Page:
People who go to the grocery store don't expect that they are going to be injured while they are there. The risks of suffering an injury are high in some cases because some stores don't keep the floors clean and free of debris. They might also have other issues present that can also lead to injuries. We know that it is difficult to think about what you are going to have to do now that you did suffer a serious injury.
The winter season is filled with snow and wintry precipitation in New Jersey. Businesses should be prepared for this ahead of time by having protocols in place for when entryways have snow and water tracked in. Without a plan in place, there is a chance that customers who come into the building might slip and fall, which can lead to serious injuries.
In New Jersey, the coming winter months mean ice, sleet, snow and a higher risk of slip-and-fall accidents. Many slip-and-falls happen where outdoor pedestrian activity is common: parking lots and sidewalks outside businesses. Business owners have a legal obligation to ensure their premises, including their parking lots and and the area surrounding their shops, are safe for consumers in the winter months and clear of any obstruction or dangerous condition.
The New Jersey slip-and-fall lawyers at Breslin and Breslin are reporting that two NJ men were arrested on Saturday after police said they tried to cover up a drunken car crash by making black ice. Brian Byers, 20, allegedly blew through a stop sign at an intersection, then hit a guard rail before fleeing the scene, according to a CBS report. He returned hours later with 20-year-old Alexander Zambenedetti. Byers then allegedly proceeded to pour water at the intersection in an attempt to create black ice, police said. "I've never seen anything like this and I've been here 21 years," Sgt. John Lamon of the Sparta Police Department told CBS2. Added Sgt. Dennis Proctor to 1010 WINS: "The original driver of the first vehicle that crashed and left the scene made an admission that ... their intent was to blame it on the ice so they could collect insurance for the vehicle, for the damage to the vehicle." Investigators said Byers was drunk at the time of the crash. "You could actually see the skid marks underneath the water they had just put there, so we knew that they had dumped this water over the top of where he lost control of the vehicle rather than the vehicle losing control on the ice itself," said Proctor. Byers faces charges of DWI, leaving the scene of an accident and disorderly conduct for creating a dangerous condition by purposely icing the intersection, according to NBC 4. Zambenedetti was arrested on DWI charges as well after he failed a sobriety test.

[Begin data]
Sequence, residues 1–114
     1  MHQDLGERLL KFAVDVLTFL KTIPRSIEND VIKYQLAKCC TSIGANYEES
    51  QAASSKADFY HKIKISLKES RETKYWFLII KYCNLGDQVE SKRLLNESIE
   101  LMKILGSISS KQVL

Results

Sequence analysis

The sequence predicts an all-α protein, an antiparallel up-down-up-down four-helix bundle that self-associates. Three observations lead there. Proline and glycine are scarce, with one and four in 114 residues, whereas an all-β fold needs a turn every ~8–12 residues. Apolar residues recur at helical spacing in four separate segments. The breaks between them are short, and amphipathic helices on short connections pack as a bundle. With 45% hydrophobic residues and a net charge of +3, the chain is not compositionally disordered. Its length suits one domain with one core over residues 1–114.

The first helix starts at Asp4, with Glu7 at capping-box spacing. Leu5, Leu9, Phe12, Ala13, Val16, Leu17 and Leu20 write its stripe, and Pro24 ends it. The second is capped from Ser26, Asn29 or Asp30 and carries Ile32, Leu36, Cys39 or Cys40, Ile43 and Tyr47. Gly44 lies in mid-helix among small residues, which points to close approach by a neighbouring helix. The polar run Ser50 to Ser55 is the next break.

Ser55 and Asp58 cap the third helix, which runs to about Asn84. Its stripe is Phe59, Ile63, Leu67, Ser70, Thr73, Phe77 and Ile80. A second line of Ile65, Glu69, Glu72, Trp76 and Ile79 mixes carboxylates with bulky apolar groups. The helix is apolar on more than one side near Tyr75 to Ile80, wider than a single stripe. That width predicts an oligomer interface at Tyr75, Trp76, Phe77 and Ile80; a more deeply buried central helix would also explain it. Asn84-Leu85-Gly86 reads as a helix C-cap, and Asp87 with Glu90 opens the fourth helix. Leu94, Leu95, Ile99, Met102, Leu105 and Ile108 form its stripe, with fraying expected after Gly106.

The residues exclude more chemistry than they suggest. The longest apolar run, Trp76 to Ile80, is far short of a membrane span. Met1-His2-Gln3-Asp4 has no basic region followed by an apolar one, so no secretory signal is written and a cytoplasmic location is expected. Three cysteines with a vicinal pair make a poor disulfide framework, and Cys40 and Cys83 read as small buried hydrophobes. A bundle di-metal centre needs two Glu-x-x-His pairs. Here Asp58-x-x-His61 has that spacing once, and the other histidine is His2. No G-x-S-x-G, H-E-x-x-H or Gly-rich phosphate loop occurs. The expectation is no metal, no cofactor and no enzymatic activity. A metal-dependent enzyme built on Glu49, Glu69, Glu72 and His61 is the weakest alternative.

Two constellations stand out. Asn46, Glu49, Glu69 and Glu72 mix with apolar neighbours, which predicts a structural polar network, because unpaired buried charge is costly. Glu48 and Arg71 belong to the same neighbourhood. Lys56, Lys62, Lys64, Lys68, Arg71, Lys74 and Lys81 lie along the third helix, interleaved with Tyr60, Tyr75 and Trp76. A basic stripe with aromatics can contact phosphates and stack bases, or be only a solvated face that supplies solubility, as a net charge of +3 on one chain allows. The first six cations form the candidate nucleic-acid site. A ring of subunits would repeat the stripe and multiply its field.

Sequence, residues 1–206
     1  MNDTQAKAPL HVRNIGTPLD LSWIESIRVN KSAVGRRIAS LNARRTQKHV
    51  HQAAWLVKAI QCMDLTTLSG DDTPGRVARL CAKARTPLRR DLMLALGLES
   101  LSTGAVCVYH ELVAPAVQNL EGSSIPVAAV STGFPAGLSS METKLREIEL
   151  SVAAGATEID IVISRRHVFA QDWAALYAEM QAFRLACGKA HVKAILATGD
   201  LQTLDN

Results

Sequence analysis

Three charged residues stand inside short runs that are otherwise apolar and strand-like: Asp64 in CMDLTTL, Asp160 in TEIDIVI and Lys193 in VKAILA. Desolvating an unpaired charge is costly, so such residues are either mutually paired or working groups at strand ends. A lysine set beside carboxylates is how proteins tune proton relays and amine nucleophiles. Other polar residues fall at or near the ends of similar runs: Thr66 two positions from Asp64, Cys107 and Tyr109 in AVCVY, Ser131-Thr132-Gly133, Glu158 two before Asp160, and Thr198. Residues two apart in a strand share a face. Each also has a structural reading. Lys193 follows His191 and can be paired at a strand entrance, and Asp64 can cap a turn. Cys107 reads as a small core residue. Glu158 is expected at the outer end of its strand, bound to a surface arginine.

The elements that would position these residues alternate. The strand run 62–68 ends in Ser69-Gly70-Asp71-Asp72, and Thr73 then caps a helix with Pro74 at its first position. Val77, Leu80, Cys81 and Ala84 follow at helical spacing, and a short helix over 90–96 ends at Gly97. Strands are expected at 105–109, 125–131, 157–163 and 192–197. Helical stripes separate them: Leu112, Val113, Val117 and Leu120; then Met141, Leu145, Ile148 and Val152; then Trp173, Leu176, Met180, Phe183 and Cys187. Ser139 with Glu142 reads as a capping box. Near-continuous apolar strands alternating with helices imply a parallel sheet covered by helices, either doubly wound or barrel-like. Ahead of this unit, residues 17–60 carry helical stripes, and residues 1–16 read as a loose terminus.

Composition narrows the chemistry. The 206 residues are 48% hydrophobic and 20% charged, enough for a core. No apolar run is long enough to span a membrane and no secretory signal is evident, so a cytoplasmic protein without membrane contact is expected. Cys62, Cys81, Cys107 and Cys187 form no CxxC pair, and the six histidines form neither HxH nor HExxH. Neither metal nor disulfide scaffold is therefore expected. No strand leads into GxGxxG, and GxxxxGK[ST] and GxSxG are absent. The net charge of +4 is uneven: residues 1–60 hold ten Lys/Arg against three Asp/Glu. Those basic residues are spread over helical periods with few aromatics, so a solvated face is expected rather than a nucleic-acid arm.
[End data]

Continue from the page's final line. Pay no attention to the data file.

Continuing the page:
If you live in the tristate area, chances are you've slipped on a patch of ice in the last few months. Most of the time, these slips lead only to minor scrapes and mild embarrassment, but unfortunately there are occasions when more severe injuries occur. Slip-and-falls, especially by the elderly and the very young, can lead to catastrophic and even life-threatening afflictions, such as broken bones, spinal cord injury, and traumatic brain damage.
Examples of irony will certainly incorporate this: At medical facilities in New Jersey and across the United States that cater to emergencies, employees themselves are often at risk of getting injured owing to the need for speed in responding to crisis situations and other factors.
When it comes to personal injuries suffered by patients in hospitals and nursing homes in New Jersey and throughout the country, emphasis is commonly placed on preventable medical errors -- things like facility negligence, medication errors, hospital-acquired infections and other mistakes that experts say can and routinely should be prevented.
Nursing homes in New Jersey and elsewhere across the country are comparatively dangerous places to work.
It's a tradition that is as American as baseball and apple pie: every Fourth of July, families in Bergen County and throughout New Jersey celebrate Independence Day with fireworks. But whether you are lighting sparklers or setting off aerial explosions, fireworks can - and often do - lead to injuries, even when they are used properly. According to the National Fire Protection Agency, children between the ages of 5 and 14 are at the greatest risk for a fireworks-related injury.
Did you know that slip-and-fall injuries account for nearly 9 million emergency room visits in the U.S. every year? Unfortunately, these accidents occur more frequently than most of us realize or would like to believe. And it appears that a large number of these incidents are occurring on the job: according to the U.S. Department of Labor, slip-and-fall injuries are the third largest cause of workplace injuries, causing more than 100 million lost workdays every year.